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NYC Ferry horns quieted after Brooklyn residents complain

NYC Ferry service horns generated noise complaints in

NYC Ferry service horns generated noise complaints in Brooklyn, so the operators have installed lower-decibel versions. Photo Credit: Jeff Bachner

NYC Ferry service has gotten a little quieter this week.

Hornblower, the aptly named service operators, has replaced all ferry horns with lower-decibel versions in order to appease frustrated residents living near the docks. Those residents have been sounding off to the company about the decibel level of the horns, which ring as every boat leaves its dock.

The horn swap occurred this weekend, according to Hornblower spokesman Josh Knoller.

“NYC Ferry heard from community members loud and clear, concerns relating to excess noise levels coming from our horns,” said Knoller in a statement. “As promised and as part of our commitment to enhancing overall quality of service, we recently completed the installation of new, rear-facing and lower decibel horns across our entire fleet.”

Much of the backlash appeared to stem from Brooklyn stops along East River ferry service, a route Hornblower took over when NYC Ferry service launched May 1. Since, nearly three dozen noise complaints relating to boats had been logged through 311 in the area of the North Williamsburg and South Williamsburg landings along Kent Avenue.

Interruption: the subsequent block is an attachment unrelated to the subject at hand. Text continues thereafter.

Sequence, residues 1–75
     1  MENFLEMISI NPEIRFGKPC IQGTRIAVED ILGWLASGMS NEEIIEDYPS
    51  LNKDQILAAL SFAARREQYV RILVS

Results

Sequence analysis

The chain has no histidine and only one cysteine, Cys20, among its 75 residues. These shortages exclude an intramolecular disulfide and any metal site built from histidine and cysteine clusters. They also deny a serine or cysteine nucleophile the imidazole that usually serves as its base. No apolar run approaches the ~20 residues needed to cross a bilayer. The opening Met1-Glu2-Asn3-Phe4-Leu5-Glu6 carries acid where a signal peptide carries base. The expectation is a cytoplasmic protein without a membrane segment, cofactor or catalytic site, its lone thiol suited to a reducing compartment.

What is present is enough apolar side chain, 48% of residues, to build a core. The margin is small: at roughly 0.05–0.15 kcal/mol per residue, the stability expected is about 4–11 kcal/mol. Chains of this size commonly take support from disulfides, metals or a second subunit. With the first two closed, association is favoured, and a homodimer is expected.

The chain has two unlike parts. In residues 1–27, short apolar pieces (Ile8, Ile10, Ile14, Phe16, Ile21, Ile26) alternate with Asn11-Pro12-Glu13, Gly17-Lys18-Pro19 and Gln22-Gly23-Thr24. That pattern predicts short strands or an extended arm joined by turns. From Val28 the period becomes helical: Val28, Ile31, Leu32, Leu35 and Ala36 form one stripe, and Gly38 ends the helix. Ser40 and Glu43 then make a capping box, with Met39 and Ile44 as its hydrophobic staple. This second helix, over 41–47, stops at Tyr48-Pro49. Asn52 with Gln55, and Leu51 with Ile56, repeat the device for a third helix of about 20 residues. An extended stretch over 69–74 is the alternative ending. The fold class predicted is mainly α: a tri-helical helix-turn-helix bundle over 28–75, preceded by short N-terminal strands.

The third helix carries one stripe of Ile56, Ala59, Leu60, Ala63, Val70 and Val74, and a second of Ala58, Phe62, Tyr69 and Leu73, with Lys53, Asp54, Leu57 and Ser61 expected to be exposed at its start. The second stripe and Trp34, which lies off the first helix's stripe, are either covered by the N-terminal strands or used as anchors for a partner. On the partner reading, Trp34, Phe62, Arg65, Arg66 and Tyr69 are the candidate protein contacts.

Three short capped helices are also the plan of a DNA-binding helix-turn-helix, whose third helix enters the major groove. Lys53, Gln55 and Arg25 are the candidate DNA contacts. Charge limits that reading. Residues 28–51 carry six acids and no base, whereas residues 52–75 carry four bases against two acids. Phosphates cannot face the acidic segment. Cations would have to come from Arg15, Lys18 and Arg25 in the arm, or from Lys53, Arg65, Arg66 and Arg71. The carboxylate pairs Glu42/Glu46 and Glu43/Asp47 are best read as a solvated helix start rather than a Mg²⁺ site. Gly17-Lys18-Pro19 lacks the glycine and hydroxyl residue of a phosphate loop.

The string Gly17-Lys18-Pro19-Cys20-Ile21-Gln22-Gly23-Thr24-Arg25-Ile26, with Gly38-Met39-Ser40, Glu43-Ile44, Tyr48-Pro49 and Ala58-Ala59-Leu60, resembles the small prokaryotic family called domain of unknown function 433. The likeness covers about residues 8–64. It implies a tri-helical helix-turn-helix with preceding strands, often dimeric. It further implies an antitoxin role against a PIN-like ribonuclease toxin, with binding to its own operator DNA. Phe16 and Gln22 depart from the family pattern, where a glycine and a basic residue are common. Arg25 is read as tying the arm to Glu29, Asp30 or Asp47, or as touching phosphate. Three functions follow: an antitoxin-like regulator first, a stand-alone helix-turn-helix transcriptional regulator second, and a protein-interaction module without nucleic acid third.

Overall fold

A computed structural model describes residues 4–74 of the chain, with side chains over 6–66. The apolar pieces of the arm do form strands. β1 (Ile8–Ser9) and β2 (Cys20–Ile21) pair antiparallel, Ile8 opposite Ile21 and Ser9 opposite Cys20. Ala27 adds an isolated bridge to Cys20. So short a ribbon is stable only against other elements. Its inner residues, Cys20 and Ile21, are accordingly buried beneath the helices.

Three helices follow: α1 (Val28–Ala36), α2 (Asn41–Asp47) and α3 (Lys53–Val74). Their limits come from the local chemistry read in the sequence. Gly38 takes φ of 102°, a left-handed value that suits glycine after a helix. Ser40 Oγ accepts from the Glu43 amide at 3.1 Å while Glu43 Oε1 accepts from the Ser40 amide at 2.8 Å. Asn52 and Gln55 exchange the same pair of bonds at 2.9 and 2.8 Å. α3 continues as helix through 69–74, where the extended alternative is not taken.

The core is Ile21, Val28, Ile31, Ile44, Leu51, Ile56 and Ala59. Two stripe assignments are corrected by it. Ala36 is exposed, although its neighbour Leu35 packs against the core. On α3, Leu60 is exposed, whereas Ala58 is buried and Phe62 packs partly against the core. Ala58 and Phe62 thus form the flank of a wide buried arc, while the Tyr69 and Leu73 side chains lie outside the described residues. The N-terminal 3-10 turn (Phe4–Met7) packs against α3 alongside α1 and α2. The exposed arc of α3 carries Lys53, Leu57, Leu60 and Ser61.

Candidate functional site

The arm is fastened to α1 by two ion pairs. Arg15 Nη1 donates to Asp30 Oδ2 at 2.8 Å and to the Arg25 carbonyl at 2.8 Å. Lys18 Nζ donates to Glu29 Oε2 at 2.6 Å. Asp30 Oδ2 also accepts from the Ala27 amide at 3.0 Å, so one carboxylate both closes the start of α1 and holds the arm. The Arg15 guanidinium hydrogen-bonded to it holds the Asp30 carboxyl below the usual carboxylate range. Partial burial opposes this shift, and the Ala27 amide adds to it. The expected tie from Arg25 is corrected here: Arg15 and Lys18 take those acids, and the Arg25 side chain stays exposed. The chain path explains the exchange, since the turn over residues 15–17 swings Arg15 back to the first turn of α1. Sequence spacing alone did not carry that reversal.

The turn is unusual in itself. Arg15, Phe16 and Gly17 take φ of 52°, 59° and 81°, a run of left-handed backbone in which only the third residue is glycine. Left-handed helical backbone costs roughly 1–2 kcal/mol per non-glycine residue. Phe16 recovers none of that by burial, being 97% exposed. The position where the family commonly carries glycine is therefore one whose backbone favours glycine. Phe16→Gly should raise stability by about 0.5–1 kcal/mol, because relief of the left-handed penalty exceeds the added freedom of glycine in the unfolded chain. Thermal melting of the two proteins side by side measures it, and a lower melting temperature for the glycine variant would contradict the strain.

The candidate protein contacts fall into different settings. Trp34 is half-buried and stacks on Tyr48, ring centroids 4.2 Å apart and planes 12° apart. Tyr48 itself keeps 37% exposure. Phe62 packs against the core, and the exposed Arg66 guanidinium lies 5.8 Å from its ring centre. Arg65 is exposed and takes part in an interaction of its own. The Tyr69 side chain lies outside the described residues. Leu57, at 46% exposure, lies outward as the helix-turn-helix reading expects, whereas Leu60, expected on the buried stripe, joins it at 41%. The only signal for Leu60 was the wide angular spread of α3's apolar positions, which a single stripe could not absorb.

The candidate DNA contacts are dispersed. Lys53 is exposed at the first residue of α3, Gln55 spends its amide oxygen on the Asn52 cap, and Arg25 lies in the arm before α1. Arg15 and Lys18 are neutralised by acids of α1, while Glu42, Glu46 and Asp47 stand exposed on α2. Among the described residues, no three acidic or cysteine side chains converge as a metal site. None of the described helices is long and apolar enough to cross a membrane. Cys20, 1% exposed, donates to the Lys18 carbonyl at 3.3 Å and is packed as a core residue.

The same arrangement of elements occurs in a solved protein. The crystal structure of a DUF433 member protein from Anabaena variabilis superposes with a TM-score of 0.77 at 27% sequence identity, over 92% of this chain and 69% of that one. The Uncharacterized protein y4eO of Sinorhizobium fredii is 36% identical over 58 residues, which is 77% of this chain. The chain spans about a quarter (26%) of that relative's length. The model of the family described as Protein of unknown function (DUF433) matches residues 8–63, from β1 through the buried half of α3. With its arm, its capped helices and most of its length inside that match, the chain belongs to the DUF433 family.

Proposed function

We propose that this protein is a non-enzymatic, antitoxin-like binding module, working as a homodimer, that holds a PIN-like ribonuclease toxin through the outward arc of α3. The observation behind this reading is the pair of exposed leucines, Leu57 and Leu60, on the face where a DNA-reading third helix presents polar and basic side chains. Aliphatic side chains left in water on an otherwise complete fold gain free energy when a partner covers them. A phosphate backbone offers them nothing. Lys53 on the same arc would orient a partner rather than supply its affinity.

“It was loud and it was noticeable … I can definitely tell there was a change,” said Christine Belva, a Bay Ridge resident waiting for a South Brooklyn ferry boat on Monday afternoon, who ultimately shrugged off the issue.

“It’s something that wouldn’t matter in the winter when windows are closed,” she said.

The new horns, directed at the back of each boat, are still loud enough to “promote safety throughout New York Harbor for kayakers and other recreational boaters,” Knoller said.

Janet General and Ruth McKenzie, who work at Fort Hamilton High School, said they were able to hear the NYC Ferry horns from the school, more than 10 blocks from Bay Ridge’s landing on 69th Street, on the day service launched there on June 1.

“But we really haven’t heard it since,” said General, who was waiting with McKenzie for a boat Monday. “I live two blocks away and I don’t have one complaint.”


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